The score: Brendan Nelson, 1, Malcolm Turnbull, 0
One of the more infuriating moments in sport is when your opponent invites you to “look at the scoreboard’‘.
This smarmy gesture suggests a quick punch to the midriff might be called for but you know how that would end up. In politics, this “look at the scoreboard’’ taunt is delivered daily.
And it too produces some fairly self-destructive responses including infighting, silly public comments, and acts of straight-out treachery.
Of course, the real scoreboard is the one on polling day. But given the length of this particular game, interim scores, such as opinion polls, and perhaps the odd by-election, are keenly watched. So it has not escaped anyone’s attention on the Coalition side that, as Malcolm Turnbull clicked over a full year in the job, their score has not gone up at all.
That’s right. After going to all the trouble and trauma of replacing the under-performing Brendan Nelson one year ago, Malcolm Turnbull, the man Prime Minister Kevin Rudd regards as a “professionally diagnosed’’ sufferer of narcissistic personality disorder, has achieved, well, basically nothing.
Being ten points down in the two party preferred vote with a leader in negative territory is an uncomfortable if, a not uncommon opposition experience during the first year after an election. But it was sufficiently worrying to push desperate Liberals to move on their leader just nine months in.
The catalyst then, somewhat ironically, was the mess Dr Nelson had made of their position on emissions trading. Yet even here on this specific policy matter not much has changed. They are still in a big pickle over emissions trading and are now proposing to do pretty much the same thing - that is, nothing in isolation of global action and certainly nothing this year - unless forced that is.
Confusion still reigns. Little wonder then that Liberals are tearing their hair out. The frustration is showing up everywhere - not least in question time where the tactics have bordered on the bizarre.
Dr Nelson, of course left this week delivering the third and final act of his triple-treat gift to his successor. In so doing, he has once again proved that revenge is indeed, a dish best served cold. The first part of course, was the decision to bail out before the election thus causing a by-election - something he would not have welcomed as leader.
Yes, the Liberals will retain his Sydney seat of Bradfield-it is one of their very safest-but there is always a risk for Malcolm Turnbull that the Liberal vote could drop which would be damaging.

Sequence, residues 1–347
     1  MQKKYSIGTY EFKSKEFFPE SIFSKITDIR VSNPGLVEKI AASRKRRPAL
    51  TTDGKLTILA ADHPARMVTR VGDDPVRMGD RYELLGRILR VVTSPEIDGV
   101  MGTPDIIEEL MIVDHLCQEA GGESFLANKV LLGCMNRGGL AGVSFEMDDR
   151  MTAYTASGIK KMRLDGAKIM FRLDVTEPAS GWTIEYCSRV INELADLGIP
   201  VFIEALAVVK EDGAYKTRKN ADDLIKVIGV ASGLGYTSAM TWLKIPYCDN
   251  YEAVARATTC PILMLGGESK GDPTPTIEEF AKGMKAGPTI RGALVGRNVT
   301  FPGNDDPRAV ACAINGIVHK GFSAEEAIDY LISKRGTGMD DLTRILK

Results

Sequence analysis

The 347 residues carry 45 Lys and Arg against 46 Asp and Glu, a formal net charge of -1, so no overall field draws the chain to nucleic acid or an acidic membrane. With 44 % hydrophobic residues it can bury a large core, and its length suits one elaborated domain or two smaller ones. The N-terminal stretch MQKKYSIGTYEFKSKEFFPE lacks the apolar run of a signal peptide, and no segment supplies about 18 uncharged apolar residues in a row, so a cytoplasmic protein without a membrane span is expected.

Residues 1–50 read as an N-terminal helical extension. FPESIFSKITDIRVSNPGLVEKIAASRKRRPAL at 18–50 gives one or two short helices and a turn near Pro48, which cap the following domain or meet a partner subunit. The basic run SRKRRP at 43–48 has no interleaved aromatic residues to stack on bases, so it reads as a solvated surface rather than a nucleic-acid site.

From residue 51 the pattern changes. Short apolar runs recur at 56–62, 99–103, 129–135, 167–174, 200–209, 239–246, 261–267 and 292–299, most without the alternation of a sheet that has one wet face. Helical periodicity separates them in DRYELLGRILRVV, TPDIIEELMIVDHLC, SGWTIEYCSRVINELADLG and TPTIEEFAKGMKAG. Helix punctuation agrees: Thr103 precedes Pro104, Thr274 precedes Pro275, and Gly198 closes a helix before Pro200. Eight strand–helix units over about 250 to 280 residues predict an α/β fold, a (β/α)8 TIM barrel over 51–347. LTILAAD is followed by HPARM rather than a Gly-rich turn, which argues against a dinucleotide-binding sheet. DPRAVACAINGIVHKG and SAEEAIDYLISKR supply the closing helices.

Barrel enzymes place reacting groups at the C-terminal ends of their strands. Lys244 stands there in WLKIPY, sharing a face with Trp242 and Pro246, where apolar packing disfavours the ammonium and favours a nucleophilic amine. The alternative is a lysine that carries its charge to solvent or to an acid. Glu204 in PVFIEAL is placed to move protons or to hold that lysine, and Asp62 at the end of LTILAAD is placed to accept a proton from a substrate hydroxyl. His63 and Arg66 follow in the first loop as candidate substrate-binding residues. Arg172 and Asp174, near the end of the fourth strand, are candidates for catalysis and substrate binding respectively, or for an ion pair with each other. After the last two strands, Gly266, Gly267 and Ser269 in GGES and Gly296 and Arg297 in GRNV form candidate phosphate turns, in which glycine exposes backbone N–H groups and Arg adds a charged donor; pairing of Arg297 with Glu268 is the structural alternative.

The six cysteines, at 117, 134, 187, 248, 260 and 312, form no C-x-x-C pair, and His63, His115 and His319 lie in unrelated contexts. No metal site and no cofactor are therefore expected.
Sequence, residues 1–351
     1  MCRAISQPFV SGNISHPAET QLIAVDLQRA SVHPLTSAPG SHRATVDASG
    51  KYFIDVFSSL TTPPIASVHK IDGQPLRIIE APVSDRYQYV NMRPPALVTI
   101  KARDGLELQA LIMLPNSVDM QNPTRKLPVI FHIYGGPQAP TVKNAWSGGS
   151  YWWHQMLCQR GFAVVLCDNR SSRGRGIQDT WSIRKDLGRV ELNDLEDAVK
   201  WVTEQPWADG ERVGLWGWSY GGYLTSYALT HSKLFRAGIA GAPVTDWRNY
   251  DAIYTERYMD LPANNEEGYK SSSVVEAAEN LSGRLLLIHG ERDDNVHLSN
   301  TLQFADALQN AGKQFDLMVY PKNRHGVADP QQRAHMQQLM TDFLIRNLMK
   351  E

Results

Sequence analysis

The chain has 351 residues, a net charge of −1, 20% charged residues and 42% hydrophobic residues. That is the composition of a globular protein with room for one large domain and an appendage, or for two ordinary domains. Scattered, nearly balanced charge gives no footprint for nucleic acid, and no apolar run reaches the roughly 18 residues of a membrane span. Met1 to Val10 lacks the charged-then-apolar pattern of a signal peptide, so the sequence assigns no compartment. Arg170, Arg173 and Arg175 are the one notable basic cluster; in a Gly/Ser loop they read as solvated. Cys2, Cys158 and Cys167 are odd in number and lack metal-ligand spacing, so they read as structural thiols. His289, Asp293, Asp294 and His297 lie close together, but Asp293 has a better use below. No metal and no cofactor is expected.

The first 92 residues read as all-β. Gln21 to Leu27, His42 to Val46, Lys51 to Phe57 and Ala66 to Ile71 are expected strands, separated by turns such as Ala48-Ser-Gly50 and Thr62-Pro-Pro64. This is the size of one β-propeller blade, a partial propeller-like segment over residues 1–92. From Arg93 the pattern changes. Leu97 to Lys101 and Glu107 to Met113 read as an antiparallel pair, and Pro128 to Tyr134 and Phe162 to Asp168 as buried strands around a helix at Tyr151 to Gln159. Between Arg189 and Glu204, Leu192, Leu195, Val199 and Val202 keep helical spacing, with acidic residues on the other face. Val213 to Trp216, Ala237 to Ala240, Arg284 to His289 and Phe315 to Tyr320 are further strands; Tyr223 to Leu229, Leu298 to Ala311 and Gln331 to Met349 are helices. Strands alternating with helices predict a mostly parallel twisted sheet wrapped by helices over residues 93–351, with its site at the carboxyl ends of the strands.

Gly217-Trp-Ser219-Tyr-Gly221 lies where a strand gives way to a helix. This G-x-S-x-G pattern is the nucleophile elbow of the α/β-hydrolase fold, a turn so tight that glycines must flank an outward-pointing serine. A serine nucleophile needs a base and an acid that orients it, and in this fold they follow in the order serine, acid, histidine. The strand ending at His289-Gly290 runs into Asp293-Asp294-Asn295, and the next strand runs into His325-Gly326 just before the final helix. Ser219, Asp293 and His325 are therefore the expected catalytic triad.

With his imminent departure came the second part of the gift: a license to speak his mind as he heads out the door. This has proved excruciating for Mr Turnbull. First there was an astoundingly frank newspaper interview in August wherein the good doctor described his successor as exhibiting a “narcissistic personality disorder” - to the PM’s obvious delight.
Then it got worse. This week, he sparked a mini-revolt in the Coalition party-room with an impassioned plea for them not to buckle to the threat of a double dissolution by negotiating on the emissions trading scheme. That saw more than a dozen MPs emboldened to speak frankly along the same lines.
Any progress Mr Turnbull may have thought he’d made towards nuancing their position to avoid handing Labor that trigger, went up in a puff of greenhouse gases.
For good measure, Dr Nelson (who by this stage remember, already knew he was taking the diplomatic posting) again reinforced that message on Wednesday evening in his final parliamentary speech observing forcefully that pushing ahead of the rest of the world on emission trading defied both common sense and the national interest.
It was the perfect set up for the final leg of the triple-treat just 18 hours later when he and Kevin Rudd announced he was now going to work for Labor. Talk about slick. The message to the anti-Turnbull forces had been hold your ground fellas even as he was packing his bags and preparing to jump ship to become an advocate for Rudd Government policy - including on emissions trading - in Europe.
Amid the upturned furniture and spilt drinks, bemused Liberals are left staring into the middle-distance: languishing in the polls with a severely weakened leadership, and a climate change policy that not only lacks majority support, but could yet lead to political ruin.
Those, including Mr Turnbull himself, who are hoping a path through this mess will somehow reveal itself, are deluding themselves. Despite the pretence, Kevin Rudd has no intention of bending on emission trading or in any way making this easy for the Opposition leader.
Indeed, his antipathy for Mr Turnbull has grown as his promotion of Dr Nelson and even potentially of Peter Costello has demonstrated. Both are in part motivated by the immediate contra-distinction they create with Mr Turnbull.
If anything, the threat of double-dissolution election re-emerged this week just as Mr Turnbull’s internal opponents became more entrenched.
A year after being rolled for not making enough progress, it might now be Dr Nelson who is suggesting a quick glance at the scoreboard.
You can only guess what Mr Turnbull would like to do in response. Word is, he’s not the only one.
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